Expanded our supply chain capacity and digital fulfillment capabilities, including adding one new distribution center and six new sortation centers to support our growth and commitment to fast delivery times, while helping our teams work more efficiently and managing our shipping costs;
Fulfilled over 50 percent of our digital sales through our same-day fulfillment options: Order Pickup, Drive Up, and delivery via Shipt;
Continued the steady stream of newness across our assortment and continued to introduce new owned and exclusive brands, including fashion forward brands Future CollectiveTM and Houston White x Target;
Completed 140 full store remodels and invested in hundreds of other stores through projects to increase efficiency of our Same-Day Services, build-out and open Ulta Beauty shop-in-shops, and expand Apple and Disney experiences;
Opened 23 new stores, including a new larger-footprint store with reimagined design elements and additional stores in key urban markets and on college campuses;
Invested in our team through our updated starting wage range, expanded access to health care benefits, and our debt-free education assistance program;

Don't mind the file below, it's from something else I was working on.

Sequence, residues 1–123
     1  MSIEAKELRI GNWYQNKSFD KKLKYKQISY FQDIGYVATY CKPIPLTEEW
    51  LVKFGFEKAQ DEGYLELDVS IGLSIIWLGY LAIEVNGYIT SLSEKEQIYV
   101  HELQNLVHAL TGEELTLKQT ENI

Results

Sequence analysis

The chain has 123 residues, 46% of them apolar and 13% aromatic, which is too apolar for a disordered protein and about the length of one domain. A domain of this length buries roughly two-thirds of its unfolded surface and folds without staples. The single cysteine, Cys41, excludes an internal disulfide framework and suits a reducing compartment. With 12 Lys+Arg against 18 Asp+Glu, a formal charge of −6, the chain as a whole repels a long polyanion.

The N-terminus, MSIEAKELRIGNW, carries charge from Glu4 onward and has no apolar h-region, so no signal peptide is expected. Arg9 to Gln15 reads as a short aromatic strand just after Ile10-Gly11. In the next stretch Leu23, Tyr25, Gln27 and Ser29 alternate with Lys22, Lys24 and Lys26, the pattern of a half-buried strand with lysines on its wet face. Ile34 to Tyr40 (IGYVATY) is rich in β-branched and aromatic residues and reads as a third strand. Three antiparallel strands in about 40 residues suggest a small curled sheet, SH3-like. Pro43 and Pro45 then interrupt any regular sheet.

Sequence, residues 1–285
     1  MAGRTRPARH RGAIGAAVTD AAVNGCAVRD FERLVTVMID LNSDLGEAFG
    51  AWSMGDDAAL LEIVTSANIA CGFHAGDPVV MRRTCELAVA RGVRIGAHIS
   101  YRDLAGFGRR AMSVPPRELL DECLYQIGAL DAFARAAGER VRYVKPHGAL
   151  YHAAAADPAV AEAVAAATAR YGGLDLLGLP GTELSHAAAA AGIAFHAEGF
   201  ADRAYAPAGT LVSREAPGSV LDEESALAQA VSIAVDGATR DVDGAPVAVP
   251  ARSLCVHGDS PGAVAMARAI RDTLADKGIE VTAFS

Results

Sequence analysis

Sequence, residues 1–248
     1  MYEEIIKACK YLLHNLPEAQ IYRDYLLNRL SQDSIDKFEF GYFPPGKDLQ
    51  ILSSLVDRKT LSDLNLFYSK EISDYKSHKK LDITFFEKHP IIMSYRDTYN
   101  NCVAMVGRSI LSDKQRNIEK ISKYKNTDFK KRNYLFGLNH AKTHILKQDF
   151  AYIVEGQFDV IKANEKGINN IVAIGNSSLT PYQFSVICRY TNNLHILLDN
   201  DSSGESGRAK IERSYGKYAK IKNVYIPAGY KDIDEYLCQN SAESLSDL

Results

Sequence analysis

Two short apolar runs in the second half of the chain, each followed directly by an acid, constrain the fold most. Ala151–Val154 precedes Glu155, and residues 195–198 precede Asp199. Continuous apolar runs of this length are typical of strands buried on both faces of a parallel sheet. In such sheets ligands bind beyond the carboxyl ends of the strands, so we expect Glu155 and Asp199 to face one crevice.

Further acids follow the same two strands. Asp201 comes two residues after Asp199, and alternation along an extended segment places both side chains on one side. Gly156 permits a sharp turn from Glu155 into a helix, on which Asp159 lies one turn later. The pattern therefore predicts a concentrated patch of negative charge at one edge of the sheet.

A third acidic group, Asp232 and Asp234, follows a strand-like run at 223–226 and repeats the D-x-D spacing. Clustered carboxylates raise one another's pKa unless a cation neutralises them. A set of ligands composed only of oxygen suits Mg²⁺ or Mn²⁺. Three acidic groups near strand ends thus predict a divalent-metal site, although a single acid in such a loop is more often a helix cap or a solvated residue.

Offered compelling promotions, attractive every day price points on key items, and free and easy payment and fulfillment options, including our new RedCard Reloadable Account, which provides all the benefits of our RedCard program without the need for a credit check or an existing bank account; and
Launched Target Zero, a collection of products designed to reduce waste and make it easier to shop sustainably, and completed retrofitting our first store designed to be net zero energy, located in Vista, California.

Financial Summary

2022 included the following notable items:

GAAP diluted earnings per share were $5.98.
Adjusted diluted earnings per share were $6.02.
Total revenue increased 2.9 percent, reflecting total sales growth of 2.8 percent and a 9.8 percent increase in other revenue.
Comparable sales increased 2.2 percent, driven by a 2.1 percent increase in traffic.
Comparable store originated sales grew 2.4 percent.
Comparable digitally originated sales increased 1.5 percent.
Operating income of $3.8 billion was 57.0 percent lower than the comparable prior-year period. See Business Environment below for additional information.